Corporal Punishment in American Education: Readings in History, Practice, and Alternatives

By Irwin A. Hyman; James H. Wise | Go to book overview

2
The Children's Petition of 1669
and its Sequel

C. B. Freeman

The prevalence of brutal flogging in seventeenth-century English schools is amply attested by the protests against it that have survived. John Brinsley of Ashby-de-la-Zouch, Milton's friend Samuel Hartlib and Charles Hoole of Rotherham are among a considerable band of writers on education who deplore the use of flogging except as a last resort and with severe restraint.1 Still another Puritan, Hezekiah Woodward, tells how he learnt from his own bitter experience that "harshness loseth the heart and alienates the affections," and also retards scholastic progress; for he says of his own days at the grammar school, "I know not which lost me most time, feare or play. I know I played away much of the time (for all the sorrow) but, I know also, fear hindred me most, and cast me farthest back."2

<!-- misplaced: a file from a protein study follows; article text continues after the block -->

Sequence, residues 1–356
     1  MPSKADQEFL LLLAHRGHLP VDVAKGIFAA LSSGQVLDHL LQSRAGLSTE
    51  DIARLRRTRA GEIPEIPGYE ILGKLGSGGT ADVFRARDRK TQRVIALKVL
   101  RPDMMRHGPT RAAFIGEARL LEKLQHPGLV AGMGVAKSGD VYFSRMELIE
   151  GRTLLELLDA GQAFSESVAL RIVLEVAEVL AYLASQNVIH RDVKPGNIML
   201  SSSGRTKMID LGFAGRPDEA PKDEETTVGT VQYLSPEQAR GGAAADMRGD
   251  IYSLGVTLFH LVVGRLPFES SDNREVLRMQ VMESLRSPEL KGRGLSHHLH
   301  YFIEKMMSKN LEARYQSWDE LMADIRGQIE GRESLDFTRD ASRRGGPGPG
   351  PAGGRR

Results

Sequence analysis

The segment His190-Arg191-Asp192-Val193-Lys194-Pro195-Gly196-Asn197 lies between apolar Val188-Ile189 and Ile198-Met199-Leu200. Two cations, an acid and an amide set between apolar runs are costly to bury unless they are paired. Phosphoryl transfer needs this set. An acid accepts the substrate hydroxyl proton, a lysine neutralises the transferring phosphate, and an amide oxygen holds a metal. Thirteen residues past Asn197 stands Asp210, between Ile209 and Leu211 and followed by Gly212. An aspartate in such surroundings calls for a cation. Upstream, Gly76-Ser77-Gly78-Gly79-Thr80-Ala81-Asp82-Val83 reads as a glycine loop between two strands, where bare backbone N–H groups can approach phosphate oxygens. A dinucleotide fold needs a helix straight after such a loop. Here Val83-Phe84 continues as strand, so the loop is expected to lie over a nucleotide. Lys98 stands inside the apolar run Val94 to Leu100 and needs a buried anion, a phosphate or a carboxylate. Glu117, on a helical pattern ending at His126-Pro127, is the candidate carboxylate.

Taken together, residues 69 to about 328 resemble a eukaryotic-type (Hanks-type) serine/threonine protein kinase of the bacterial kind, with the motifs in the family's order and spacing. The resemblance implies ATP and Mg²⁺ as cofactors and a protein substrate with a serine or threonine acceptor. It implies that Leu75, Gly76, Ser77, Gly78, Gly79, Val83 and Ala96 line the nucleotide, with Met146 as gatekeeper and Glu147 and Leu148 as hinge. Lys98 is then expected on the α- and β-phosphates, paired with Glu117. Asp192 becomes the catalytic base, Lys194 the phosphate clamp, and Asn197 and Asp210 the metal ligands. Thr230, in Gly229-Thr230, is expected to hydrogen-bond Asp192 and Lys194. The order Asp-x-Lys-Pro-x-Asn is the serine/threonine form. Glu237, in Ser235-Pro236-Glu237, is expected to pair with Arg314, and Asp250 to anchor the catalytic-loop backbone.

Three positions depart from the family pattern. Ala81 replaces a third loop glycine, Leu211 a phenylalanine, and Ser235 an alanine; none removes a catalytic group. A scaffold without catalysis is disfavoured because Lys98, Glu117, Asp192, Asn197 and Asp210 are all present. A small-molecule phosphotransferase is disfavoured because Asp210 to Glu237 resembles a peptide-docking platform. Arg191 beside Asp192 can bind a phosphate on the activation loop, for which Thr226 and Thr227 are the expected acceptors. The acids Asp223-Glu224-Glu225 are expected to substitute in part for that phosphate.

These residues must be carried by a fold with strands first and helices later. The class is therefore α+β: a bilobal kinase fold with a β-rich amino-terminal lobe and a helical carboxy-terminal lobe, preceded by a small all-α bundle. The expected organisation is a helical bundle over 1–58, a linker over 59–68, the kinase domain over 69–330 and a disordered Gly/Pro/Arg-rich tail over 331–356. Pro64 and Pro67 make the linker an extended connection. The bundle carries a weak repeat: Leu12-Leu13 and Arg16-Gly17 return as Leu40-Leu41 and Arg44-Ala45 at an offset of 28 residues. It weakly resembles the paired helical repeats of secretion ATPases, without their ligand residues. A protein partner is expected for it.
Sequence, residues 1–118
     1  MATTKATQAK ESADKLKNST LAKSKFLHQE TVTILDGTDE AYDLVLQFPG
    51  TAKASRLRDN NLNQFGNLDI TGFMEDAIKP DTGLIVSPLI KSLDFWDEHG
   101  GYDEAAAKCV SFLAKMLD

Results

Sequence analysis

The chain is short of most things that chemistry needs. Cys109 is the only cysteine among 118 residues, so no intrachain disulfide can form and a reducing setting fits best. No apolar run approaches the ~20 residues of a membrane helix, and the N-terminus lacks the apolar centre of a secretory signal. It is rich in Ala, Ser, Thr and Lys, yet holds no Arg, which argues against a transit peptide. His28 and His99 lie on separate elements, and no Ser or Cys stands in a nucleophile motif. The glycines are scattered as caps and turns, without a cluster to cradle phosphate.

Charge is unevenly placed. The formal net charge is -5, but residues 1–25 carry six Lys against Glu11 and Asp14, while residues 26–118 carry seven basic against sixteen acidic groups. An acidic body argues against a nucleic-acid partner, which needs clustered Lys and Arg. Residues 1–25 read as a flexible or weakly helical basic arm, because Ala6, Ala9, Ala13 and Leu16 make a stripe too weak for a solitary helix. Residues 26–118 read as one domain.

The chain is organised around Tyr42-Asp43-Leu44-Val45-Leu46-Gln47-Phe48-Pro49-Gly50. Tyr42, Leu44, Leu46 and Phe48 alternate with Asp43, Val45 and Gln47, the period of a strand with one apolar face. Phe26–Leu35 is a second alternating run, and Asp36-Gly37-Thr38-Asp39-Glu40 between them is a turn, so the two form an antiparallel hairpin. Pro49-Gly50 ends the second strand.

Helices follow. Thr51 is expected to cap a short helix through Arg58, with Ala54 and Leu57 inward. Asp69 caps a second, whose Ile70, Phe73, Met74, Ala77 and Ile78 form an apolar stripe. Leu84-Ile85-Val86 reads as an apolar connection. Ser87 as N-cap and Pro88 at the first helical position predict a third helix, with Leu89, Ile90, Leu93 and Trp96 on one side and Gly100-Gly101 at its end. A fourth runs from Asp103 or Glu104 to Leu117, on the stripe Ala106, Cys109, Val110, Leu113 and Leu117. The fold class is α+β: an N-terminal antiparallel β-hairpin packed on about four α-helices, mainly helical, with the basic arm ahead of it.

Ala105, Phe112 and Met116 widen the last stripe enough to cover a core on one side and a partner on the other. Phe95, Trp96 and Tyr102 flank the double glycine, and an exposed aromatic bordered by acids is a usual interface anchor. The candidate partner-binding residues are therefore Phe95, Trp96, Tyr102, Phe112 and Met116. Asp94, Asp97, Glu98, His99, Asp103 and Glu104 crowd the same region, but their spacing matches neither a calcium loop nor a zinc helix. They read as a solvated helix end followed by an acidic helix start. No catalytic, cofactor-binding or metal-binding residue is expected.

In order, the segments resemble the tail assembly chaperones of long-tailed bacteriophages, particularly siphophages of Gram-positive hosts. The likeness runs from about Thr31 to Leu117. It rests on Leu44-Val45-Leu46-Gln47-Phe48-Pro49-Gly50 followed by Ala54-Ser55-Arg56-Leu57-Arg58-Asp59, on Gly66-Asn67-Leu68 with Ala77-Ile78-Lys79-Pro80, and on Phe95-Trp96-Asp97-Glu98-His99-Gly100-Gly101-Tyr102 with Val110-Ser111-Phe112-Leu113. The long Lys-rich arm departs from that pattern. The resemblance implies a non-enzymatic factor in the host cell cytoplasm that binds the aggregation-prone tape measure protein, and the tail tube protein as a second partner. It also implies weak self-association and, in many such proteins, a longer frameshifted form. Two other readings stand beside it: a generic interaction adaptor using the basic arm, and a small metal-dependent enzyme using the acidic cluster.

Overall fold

To protest against the abuse was one thing. To promote an agitation for legislative action against it was quite another. Special interest attaches to the Children's Petition of 1669 and its sequel of 1698-9 because they represent two determined attempts to bring the matter into the arena of Parliament. The evidence of the first attempt is to be found in a very scarce little duodecimo of seventy pages, of which a copy may be seen in the British Museum: The Children's Petition: or, A modest remonstrance of that intolerable grievance our youth lie under, in the accustomed severities of the school-discipline of this nation. Humbly presented to the consideration of the Parliament . . . Printed for Richard Chiswell . . . 1669.

The petitioners describe themselves as "we the children of the land," and they deplore the fact that it is the custom to entrust to men who have no qualifications but a knowledge of Latin and Greek "the liberty to use such a kind of discipline over us, as that the spring-time of humane life, which in all other creatures is left at the greatest freedom to be sweet and

This essay first appeared in The British Journal of Educational Studies, 14( May 1966), 216-223.

-41-

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